Our office recently represented a client in Superior Court who had been indicted on six counts related to loan fraud scheme for $100,000. The indictment included two counts of 2nd degree Identity Theft under 2C:21-17a(1), one count of 2nd degree Theft by Deception under 2C:20-4a, 3rd degree Uttering False Documents (fake ID) under 2C:21-2.1c, 4th degree false documents under 2C:21-2.1d, and a 4th degree Hindering Apprehension under 2C:29-3b(4). The State’s allegations were that our client had entered various banks and attempted to take out a loan for $100,000 using someone else’s identity. The allegations further stated that he had presented a fake ID and other identifying information to bank personnel to prove he was in fact someone else. Shortly thereafter, he was arrested outside the bank and a fake ID was found in his possession. The evidence against him included video surveillance, numerous financial documents, the fake ID, and our client’s own admissions.
Our client had a prior criminal record and was facing a maximum of 38 years in state prison however the client was adamant that he could not serve any type of incarceration. Our criminal defense attorneys first started by challenging the prosecution’s case and examining the proofs against our client. Moreover, we provided additional information and exculpatory evidence for the State to consider that was not known at the time of grand jury presentation. In the end, we came to the conclusion that the State’s case was patently deficient because they were missing essential elements of discovery needed to prove that our client had actually taken the steps necessary to secure the fraudulent loan and that he actually possessed the criminal intent to defraud and steal from the banking institutions. The final result was that our client agreed to enter a plea to one count of 3rd degree charge of Uttering False Documents for presenting a fake ID to authorities in order to obtain some benefit. In consideration of the plea, the State moved to dismiss all remaining charges including all the three 2nd degree crimes which were the most serious, as each carried 5 – 10 years in state prison. Furthermore, at sentencing we were able to successfully argue to the judge that our client should receive only probation with no incarceration.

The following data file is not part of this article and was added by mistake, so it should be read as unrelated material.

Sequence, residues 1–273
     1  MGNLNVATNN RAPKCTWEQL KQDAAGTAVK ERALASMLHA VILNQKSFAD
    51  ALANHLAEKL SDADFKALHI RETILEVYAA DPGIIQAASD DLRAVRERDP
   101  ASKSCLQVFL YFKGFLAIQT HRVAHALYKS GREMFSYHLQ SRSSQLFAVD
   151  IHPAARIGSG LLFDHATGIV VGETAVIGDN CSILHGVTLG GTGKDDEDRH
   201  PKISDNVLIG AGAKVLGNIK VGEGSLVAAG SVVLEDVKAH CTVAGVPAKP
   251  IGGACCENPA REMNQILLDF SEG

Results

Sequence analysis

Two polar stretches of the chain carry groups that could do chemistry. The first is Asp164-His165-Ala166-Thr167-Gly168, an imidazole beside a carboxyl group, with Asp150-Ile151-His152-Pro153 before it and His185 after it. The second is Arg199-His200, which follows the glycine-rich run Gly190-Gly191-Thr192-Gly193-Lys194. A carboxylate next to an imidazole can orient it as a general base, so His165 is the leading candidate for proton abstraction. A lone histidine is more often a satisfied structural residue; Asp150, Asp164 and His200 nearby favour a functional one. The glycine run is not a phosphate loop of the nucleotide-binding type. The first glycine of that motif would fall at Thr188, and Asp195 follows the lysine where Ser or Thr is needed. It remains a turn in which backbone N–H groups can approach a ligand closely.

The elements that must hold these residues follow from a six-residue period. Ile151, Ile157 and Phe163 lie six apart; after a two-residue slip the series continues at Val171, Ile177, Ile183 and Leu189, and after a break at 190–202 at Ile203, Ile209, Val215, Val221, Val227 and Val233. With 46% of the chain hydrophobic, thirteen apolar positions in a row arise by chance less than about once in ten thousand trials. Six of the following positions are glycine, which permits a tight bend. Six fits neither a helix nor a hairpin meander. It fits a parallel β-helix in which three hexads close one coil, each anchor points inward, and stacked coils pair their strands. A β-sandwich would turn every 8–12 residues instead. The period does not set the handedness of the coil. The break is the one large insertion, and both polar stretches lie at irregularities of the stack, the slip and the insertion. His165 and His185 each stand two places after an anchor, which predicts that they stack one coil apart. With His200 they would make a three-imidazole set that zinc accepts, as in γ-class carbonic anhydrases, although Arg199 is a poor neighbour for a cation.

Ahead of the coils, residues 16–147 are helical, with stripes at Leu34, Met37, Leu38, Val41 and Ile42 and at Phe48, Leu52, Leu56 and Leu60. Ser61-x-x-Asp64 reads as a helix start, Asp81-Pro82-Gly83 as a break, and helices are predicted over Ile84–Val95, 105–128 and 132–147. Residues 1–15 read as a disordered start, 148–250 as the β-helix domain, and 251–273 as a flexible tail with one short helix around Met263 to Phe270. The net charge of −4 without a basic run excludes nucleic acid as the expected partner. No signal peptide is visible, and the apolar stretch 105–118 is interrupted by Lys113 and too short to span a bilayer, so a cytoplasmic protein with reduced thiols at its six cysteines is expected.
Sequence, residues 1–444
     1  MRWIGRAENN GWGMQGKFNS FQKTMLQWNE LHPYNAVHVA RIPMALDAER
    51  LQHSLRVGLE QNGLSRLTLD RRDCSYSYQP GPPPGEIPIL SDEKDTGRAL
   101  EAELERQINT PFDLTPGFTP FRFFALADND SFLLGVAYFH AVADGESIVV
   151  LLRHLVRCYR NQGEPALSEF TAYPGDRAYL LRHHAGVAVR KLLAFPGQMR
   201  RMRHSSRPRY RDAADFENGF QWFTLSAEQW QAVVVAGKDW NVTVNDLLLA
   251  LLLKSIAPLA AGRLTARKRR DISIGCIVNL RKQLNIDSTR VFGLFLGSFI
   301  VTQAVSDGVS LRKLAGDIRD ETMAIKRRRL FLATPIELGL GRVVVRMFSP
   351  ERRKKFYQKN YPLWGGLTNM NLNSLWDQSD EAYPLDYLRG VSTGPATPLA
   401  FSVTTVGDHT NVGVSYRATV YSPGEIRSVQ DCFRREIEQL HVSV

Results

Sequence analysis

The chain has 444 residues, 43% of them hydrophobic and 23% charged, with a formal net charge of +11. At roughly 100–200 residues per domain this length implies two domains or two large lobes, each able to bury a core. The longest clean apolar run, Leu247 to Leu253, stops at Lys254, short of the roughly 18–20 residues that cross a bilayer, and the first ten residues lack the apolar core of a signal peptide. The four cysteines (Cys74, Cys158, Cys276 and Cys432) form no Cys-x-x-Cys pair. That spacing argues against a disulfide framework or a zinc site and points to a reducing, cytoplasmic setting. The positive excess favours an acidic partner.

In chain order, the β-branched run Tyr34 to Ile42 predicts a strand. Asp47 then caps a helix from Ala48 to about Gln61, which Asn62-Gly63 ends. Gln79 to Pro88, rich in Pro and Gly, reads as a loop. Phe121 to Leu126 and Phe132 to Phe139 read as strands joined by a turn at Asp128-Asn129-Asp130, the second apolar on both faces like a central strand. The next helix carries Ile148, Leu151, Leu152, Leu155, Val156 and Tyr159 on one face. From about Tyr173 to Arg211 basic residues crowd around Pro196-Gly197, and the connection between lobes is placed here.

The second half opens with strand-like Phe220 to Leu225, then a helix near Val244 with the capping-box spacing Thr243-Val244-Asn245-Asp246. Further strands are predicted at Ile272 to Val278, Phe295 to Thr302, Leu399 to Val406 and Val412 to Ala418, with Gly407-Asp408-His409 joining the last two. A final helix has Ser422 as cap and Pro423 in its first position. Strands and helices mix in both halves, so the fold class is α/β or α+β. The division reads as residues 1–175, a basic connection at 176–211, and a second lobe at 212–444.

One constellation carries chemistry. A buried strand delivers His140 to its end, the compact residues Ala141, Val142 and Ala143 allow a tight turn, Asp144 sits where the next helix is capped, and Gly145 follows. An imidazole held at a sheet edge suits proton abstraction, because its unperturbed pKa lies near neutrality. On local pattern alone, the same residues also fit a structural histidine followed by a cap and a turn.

State v. C.K.